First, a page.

Martha was my Savasana Kitty. This beautiful stray, who in 1996 sat on my back porch and cried until I let her into my house and into my heart – much to the dismay of Dora, my other cat. Martha’s striking gold eyes were offset by her long, dark sable-colored fur. Although shy and sweet-tempered, like most cats (and many of us humans) she could be crabby and stubborn. Even as the pace of her life began to slow down with the advancing years, her purr remained strong, yet surprisingly soft and deep.
Between frequent naps, Martha often found her way into my yoga room as my practice was winding down. She somehow seemed to sense the change in my energy, waiting patiently for me to finish my inversions and lie down for savasana. After I settled on the floor, Martha would climb onto my chest and lie down along the length of my sternum. At 6 pounds her weight was unobtrusive, but when she began to purr the effect was profound – instant and effortless pranayama! In fact the gentle rumble emanating from Martha was known to lead me down several of the eight limbs of Ashtanga yoga, once or twice into the state of Samadhi.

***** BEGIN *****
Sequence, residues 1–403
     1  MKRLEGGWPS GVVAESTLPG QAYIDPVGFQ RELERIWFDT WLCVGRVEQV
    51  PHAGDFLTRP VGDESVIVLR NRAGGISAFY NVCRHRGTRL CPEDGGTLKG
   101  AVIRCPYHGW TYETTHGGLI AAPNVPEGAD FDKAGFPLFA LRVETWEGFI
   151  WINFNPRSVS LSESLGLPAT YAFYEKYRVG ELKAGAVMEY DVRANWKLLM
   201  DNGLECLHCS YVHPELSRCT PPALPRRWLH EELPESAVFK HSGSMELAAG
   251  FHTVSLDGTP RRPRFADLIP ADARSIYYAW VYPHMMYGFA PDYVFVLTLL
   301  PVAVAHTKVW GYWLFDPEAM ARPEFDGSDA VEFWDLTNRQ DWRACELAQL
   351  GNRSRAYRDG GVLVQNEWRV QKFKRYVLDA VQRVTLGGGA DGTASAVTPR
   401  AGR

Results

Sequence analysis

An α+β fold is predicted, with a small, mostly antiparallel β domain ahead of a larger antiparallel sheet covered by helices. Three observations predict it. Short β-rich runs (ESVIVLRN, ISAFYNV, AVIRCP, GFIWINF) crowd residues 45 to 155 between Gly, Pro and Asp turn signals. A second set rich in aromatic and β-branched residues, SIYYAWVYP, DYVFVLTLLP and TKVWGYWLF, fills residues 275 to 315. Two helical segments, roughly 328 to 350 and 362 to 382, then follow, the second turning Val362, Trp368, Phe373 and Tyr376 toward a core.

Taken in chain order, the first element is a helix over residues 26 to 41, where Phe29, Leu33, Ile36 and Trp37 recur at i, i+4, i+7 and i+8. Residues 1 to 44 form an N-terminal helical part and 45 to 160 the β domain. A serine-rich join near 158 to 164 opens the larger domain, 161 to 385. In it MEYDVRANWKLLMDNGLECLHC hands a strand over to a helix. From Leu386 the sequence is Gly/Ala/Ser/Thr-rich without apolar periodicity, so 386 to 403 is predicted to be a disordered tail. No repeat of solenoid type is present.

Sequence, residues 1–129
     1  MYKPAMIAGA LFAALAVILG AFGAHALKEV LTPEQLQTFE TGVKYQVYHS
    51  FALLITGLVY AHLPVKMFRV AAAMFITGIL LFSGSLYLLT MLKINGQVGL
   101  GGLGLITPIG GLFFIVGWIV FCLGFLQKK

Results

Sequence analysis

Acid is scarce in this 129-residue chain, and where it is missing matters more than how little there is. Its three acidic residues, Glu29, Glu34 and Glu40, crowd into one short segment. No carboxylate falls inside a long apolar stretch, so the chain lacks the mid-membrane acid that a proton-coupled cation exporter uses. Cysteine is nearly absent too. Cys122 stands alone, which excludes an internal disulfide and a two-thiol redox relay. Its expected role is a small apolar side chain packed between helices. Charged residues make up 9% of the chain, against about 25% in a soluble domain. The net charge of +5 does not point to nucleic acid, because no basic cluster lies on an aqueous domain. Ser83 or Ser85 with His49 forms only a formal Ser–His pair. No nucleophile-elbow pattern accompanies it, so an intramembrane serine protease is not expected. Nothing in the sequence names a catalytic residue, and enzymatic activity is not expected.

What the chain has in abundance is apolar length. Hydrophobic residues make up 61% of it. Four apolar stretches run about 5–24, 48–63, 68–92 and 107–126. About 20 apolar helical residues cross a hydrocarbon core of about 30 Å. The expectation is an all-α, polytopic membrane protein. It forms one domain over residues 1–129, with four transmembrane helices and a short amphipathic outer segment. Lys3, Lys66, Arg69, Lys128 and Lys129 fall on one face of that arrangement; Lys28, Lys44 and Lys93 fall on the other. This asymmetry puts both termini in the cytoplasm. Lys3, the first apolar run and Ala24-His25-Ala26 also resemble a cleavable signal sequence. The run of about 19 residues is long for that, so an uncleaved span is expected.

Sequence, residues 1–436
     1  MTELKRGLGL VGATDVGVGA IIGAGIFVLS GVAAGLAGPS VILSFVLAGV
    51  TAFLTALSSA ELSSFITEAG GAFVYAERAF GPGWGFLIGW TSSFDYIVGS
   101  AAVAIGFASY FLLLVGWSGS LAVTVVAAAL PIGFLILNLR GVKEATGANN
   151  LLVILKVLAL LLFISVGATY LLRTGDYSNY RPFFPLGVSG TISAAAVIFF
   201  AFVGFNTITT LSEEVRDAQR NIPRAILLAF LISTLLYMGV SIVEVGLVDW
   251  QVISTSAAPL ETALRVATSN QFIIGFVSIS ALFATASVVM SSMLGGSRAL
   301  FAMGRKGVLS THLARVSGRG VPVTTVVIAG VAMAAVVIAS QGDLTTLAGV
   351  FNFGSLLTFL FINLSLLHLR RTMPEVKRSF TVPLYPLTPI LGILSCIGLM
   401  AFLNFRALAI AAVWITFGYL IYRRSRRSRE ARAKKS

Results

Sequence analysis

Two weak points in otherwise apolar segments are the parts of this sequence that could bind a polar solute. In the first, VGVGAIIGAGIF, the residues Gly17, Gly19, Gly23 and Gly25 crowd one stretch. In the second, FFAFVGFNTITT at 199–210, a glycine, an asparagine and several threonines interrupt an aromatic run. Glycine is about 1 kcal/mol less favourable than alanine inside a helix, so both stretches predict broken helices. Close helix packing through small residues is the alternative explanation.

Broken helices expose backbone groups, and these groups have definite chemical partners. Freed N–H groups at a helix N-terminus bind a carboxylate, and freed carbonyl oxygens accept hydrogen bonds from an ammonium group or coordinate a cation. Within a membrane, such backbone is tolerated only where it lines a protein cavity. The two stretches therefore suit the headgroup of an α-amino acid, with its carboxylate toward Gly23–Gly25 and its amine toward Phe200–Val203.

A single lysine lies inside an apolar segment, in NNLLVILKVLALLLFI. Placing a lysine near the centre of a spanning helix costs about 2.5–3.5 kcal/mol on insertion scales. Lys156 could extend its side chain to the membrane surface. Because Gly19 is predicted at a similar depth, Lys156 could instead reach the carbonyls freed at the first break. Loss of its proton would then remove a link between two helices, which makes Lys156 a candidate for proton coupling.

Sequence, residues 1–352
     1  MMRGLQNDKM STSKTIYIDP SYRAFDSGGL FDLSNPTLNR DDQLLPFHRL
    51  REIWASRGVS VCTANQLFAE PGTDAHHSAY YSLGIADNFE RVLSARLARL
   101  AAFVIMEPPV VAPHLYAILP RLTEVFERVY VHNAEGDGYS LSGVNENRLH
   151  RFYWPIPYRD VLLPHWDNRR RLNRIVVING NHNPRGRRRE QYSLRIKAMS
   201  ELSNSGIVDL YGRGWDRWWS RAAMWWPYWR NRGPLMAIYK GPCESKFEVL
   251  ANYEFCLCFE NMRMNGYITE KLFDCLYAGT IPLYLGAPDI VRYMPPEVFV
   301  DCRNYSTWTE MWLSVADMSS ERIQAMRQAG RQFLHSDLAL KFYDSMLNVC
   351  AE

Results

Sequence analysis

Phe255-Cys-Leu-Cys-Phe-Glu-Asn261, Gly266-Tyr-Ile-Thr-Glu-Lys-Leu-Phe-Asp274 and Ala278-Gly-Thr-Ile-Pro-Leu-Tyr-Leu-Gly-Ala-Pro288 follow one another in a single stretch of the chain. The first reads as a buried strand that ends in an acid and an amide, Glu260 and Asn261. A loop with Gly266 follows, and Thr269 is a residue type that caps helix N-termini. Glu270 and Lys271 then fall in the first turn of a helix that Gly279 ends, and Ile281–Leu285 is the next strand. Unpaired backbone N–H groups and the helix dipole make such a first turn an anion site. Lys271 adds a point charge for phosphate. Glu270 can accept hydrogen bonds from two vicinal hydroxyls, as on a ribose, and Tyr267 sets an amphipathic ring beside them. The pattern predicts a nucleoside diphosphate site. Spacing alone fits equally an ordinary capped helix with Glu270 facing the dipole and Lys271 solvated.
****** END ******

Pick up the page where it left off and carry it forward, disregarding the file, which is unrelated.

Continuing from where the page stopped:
While I doubt Patanjali would recognize the potential connection between cats and yoga, Martha revealed some new facets for me. Working with active asanas I was sometimes reminded of the graceful, deliberate nature of her movement. But it is with restorative yoga in particular where I sense the feline nature of this ancient tradition: the ability to be in the present moment by moment, to be still, to dwell within, and to focus on the breath. These are all qualities that my savasana kitty illuminated for me, helping to deepen my knowledge and appreciation of this quiet practice.
Letting go of Martha last summer was not easy. But even the grieving process touched my yoga practice: I learned a little more about the nature of impermanence, and the value of detachment.